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Henry Fonda
Henry Jaynes Fonda (May 16, 1905 – August 12, 1982) was an American film and stage actor[2] with a career spanning five decades. Fonda made his mark early as a Broadway actor. He also appeared in 1938 in plays performed in White Plains, New York, with Joan Tompkins. He made his Hollywood
Hollywood
debut in 1935, and his career gained momentum after his Academy Award-nominated performance as Tom Joad
Tom Joad
in The Grapes of Wrath, a 1940 adaptation of John Steinbeck's novel about an Oklahoma
Oklahoma
family who moved west during the Dust Bowl. Throughout five decades in Hollywood, Fonda cultivated a strong, appealing screen image in such classics as The Ox-Bow Incident, Mister Roberts, and 12 Angry Men
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East Coast Of The United States
The East Coast
Coast
of the United States
United States
is the coastline along which the Eastern United States
Eastern United States
meets the North Atlantic Ocean. This area is also known as the Eastern Seaboard, the Atlantic Coast
Coast
and the Atlantic Seaboard
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United States
Coordinates: 40°N 100°W / 40°N 100°W / 40; -100 United States
United States
of America Flag Coat of arms Motto: "In God
God
We Trust"[1][a] .mw-parser-ou
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White Plains, New York
White Plains is a city in Westchester County, New York, United States. It is the county seat and commercial hub of Westchester, an affluent suburban county just north of New York City
City
that is home to almost one million people
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Broadway Theatre
Broadway theatre,[nb 1] commonly known as Broadway, refers to the theatrical performances presented in the 41 professional theatres with 500 or more seats located in the Theater District and Lincoln Center along Broadway, in Midtown Manhattan, New York City.[1] Along with London's West End theatre, Broadway theatre
Broadway theatre
is widely considered to represent the highest level of commercial theatre in the English-speaking world. The Theater District is a popular tourist attraction in New York City. According to The Broadway League, for the 2016–2017 season (which ended May 21, 2017), total attendance was 13,270,343 and Broadway shows had US$1,449,399,149 in grosses, with attendance down 0.4%, grosses up 5.5%, and playing weeks down 4.1%.[2] The great majority of Broadway shows are musicals
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Stage (theater)
In theatre and performing arts, the stage (sometimes referred to as the deck in stagecraft) is a designated space for the performance of productions. The stage serves as a space for actors or performers and a focal point (the screen in cinema theaters) for the members of the audience. As an architectural feature, the stage may consist of a platform (often raised) or series of platforms. In some cases, these may be temporary or adjustable but in theaters and other buildings devoted to such productions, the stage is often a permanent feature. There are several types of stages that vary as to the usage and the relation of the audience to them.[1] The most common form found in the West is the proscenium stage. In this type, the audience is located on one side of the stage with the remaining sides hidden and used by the performers and technicians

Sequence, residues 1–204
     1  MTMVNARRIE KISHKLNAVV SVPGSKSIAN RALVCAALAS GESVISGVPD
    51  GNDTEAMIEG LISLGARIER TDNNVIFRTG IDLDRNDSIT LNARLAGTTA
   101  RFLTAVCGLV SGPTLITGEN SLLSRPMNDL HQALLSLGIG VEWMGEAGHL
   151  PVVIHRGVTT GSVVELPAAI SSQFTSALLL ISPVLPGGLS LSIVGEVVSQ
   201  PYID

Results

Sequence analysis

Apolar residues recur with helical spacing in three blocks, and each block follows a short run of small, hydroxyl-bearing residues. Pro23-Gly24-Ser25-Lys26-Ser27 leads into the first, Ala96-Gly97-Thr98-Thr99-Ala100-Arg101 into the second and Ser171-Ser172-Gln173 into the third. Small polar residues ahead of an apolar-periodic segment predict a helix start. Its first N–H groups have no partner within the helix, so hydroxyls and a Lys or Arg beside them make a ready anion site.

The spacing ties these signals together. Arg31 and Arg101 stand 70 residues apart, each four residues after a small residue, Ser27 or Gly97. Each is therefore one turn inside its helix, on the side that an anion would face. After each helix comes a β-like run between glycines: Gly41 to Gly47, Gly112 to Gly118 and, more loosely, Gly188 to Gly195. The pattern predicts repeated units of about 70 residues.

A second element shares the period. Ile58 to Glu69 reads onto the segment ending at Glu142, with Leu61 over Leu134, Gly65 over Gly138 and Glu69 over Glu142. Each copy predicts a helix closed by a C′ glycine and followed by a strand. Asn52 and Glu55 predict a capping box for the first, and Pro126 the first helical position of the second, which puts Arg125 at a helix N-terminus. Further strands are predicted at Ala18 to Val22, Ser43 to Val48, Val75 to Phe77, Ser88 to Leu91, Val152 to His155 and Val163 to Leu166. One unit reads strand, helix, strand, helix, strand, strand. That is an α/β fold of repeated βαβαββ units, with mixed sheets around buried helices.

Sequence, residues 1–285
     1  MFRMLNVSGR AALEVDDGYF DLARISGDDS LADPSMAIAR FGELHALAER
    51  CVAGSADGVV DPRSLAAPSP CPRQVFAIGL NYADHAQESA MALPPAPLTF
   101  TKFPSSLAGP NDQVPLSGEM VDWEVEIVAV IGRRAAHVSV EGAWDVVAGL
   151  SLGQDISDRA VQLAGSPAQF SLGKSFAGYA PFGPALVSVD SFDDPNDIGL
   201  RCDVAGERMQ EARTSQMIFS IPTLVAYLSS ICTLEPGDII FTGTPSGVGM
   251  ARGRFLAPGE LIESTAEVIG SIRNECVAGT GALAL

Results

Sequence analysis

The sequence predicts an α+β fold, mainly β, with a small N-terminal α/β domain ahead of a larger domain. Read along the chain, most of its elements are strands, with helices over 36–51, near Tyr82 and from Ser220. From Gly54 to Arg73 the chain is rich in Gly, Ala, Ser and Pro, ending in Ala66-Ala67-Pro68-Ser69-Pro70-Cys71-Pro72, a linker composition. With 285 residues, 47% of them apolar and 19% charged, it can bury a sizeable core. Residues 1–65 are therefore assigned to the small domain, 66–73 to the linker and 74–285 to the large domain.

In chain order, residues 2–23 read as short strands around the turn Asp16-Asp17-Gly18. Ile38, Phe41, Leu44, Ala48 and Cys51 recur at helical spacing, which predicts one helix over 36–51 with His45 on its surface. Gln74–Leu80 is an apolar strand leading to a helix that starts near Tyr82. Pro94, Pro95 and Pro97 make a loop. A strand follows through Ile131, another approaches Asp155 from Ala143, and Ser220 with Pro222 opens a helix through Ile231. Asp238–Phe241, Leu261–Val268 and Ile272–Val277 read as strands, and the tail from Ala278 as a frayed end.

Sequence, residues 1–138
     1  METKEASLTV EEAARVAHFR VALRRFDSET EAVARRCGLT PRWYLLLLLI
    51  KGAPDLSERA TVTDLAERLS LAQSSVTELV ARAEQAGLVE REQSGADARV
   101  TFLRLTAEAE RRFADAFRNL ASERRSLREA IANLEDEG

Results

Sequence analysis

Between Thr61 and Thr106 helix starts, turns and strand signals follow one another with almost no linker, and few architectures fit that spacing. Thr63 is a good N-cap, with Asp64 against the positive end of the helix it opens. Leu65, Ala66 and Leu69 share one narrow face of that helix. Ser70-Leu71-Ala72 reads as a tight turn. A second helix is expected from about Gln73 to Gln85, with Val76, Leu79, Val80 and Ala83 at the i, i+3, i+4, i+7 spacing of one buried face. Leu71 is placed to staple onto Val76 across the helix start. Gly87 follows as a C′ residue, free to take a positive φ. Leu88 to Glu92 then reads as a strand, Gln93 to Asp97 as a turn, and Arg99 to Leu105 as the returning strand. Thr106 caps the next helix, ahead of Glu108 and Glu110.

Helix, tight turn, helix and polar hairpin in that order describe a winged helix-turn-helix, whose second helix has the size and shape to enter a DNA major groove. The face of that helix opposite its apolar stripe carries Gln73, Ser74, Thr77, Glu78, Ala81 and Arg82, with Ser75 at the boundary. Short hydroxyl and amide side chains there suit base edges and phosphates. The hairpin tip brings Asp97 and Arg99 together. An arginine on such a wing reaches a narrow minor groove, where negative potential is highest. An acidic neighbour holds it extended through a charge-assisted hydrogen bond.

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Presidential Unit Citation (United States)
The president is a common title for the head of state in most republics. In politics, president is a title given to leaders of republican states. The functions exercised by a president vary according to the form of government. In parliamentary and semi-presidential republics, they are limited to those of the head of state, and are thus largely ceremonial. In presidential republics, the role of the president is more prominent, encompassing also (in most cases) the functions of the head of government
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Bronze Star Medal
The Bronze Star Medal, unofficially the Bronze Star, is a United States decoration awarded to members of the United States Armed Forces for either heroic achievement, heroic service, meritorious achievement, or meritorious service in a combat zone. Whenever the medal is awarded by the Army and Air Force for acts of valor in combat, the "V" Device
"V" Device
is authorized for wear on the medal, and whenever the medal is awarded by the Navy, Marine Corps, and Coast Guard for acts of valor or meritorious service in combat, the Combat "V" is authorized for wear on the medal. Officers from the other Uniformed Services of the United States are eligible to receive this award, as are foreign soldiers who have served with or alongside a service branch of the United States Armed Forces.[5][6] Civilians serving with U.S. military forces in combat are also eligible for the award